It is also during stage four that the patient may begin to exhibit mood changes associated with Alzheimer’s. They may become moody and depressed. They are also likely to withdraw from others, especially when in a challenging situation.
Stage 5: Moderately Severe Decline
By stage five of Alzheimer’s the patient is no longer able to survive without at least some assistance. They likely have difficulty remembering their personal information, such as their address and phone number. They may begin to become disoriented with respect to time and place. Personal hygiene and care may still be possible but likely require some prompting.
Stage 6: Severe Decline
By stage six the patient is in serious decline. Memory becomes much worse. The patient may even lose awareness of their surroundings and forget the names of people closest to them. Personality is also likely to change at this stage. This includes moodiness, suspicion, paranoia, and delusions.
Personal care is impossible without help by this stage. A stage six patient needs help with daily tasks and hygiene. They may also start to sleep more during the day and wander at night. It is possible that they might walk away from their room or home and get lost.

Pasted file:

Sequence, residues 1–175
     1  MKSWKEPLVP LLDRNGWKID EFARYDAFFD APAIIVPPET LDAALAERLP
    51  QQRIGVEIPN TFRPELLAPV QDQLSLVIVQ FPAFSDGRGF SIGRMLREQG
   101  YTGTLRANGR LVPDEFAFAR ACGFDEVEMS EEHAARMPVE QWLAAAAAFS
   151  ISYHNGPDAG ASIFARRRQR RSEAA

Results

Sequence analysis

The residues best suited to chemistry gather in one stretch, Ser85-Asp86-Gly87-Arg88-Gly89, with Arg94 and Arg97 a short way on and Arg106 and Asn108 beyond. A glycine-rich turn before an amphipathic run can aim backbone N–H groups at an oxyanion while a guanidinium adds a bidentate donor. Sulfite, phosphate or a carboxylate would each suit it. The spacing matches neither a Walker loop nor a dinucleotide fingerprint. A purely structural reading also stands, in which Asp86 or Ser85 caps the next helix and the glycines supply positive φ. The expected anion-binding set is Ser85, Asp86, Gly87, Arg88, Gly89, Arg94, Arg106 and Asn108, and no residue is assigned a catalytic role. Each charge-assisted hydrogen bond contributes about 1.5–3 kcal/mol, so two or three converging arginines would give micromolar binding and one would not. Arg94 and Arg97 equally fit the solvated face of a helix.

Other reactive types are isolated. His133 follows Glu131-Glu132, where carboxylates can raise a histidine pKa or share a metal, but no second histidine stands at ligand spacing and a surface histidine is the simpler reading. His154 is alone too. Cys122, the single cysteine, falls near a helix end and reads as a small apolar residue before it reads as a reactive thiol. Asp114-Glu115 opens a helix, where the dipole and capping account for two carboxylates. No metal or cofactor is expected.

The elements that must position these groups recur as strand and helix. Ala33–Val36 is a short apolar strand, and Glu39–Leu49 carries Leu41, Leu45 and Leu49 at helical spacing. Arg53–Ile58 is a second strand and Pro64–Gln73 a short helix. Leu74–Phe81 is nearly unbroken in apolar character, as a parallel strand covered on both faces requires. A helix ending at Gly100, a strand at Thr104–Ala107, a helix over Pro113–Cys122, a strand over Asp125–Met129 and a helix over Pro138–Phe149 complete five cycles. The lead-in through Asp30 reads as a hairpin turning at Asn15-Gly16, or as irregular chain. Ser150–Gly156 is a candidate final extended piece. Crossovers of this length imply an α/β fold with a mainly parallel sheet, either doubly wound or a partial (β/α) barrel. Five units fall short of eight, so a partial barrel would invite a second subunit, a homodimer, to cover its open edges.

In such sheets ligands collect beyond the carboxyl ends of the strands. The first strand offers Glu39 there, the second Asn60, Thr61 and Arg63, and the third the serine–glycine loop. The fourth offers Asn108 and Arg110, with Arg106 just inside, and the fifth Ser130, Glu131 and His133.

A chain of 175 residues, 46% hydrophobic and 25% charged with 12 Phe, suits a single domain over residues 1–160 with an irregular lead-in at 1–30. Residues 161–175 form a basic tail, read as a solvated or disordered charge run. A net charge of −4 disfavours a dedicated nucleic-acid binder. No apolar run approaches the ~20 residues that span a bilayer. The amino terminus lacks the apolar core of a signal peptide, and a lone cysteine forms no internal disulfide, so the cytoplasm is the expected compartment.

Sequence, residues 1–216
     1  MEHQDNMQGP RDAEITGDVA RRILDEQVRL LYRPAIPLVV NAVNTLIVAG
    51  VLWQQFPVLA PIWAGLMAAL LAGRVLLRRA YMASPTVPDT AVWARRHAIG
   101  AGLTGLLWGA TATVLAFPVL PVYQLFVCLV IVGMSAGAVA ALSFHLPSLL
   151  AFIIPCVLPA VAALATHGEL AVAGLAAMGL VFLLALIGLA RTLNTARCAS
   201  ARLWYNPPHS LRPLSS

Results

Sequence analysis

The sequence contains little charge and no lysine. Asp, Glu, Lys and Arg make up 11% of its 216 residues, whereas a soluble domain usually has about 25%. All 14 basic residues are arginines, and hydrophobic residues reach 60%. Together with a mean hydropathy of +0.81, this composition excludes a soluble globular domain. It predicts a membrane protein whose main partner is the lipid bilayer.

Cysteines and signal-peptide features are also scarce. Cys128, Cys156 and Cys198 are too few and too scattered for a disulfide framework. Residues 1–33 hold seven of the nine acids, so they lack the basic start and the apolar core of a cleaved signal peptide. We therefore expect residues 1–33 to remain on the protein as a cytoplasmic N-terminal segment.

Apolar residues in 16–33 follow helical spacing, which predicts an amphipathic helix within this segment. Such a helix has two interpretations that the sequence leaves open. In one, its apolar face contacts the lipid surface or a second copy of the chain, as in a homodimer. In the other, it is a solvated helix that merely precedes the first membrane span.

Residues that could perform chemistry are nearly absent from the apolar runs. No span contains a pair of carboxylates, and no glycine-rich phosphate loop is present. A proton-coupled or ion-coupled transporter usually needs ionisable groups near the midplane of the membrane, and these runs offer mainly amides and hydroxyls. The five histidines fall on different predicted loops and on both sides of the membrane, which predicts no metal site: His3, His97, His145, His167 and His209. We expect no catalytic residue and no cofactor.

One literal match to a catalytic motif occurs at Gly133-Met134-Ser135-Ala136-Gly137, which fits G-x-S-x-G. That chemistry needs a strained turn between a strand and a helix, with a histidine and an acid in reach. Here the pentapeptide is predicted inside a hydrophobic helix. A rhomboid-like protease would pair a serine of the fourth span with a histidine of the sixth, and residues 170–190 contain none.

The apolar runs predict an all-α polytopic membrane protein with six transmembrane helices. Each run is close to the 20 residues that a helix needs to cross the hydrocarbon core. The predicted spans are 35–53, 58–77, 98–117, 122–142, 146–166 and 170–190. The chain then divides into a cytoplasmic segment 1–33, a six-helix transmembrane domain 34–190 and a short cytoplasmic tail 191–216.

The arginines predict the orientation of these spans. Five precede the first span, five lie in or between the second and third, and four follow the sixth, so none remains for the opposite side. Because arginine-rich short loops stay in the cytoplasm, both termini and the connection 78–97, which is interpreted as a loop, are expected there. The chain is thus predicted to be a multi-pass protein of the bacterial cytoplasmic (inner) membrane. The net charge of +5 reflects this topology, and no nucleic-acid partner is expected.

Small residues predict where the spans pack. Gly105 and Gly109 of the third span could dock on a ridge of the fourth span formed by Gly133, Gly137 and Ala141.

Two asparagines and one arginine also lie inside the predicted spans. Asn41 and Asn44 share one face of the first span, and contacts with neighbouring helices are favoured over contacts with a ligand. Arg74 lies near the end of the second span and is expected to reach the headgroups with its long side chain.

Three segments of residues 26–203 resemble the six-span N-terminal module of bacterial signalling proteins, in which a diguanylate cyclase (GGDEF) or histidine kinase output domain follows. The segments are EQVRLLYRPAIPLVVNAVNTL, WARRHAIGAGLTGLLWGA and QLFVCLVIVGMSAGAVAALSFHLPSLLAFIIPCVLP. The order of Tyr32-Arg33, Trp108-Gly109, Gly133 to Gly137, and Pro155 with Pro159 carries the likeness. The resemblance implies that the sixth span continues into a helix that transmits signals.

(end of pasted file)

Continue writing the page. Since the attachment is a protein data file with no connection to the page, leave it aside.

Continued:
Stage 7: Very Severe Decline
During the seventh stage of Alzheimer’s the patient has declined so much that they can no longer converse, respond to their environment, or control their own movements. They may still be able to talk, but will not likely make sense or interact with anyone. During this late stage of the disease, they may also be unable to sit upright without support. Muscles at this stage become rigid and even swallowing may be difficult.
Prevention and Treatment
Although there is no cure for Alzheimer’s, great strides are being made in treatments and preventions that can slow the progression of the disease. Dietary changes, supplements, exercises for the body and mind, and medications can have positive impacts on the symptoms of the disease. These treatments can also potentially extend the time spent in the earlier stages.
Caring for someone with Alzheimer’s disease is a daily challenge. Caregivers need help and support, as well as time off from assisting patients. Support groups can help caregivers learn best practices, strategies for coping with difficult situations, and can give them a place to let off some steam.
Disease Fact Sheet. (2013, October 17). National
Institutes of Health. Retrieved November 25, 2013, from http://www.nia.nih.gov/alzheimers/publication/alzheimers-disease-fact-sheet
● Alzheimer’s Stages: How the Disease Progresses. (2013, January 4). Mayo Clinic. Retrieved November 25, 2013, from http://www.mayoclinic.com/health/alzheimers-stages/AZ00041
● Seven Stages of Alzheimer’s. (2013). Alzheimer’s Association. Retrieved November 25, 2013, from http://www.alz.org/alzheimers_disease_stages_of_alzheimers.asp#stage1
● The Global Deterioration Scale for Assessment of Primary Degenerative Dementia. (1983). Florida Health Care Association. Retrieved November 25, 2013, from http://www.fhca.org/members/qi/clinadmin/global.pdf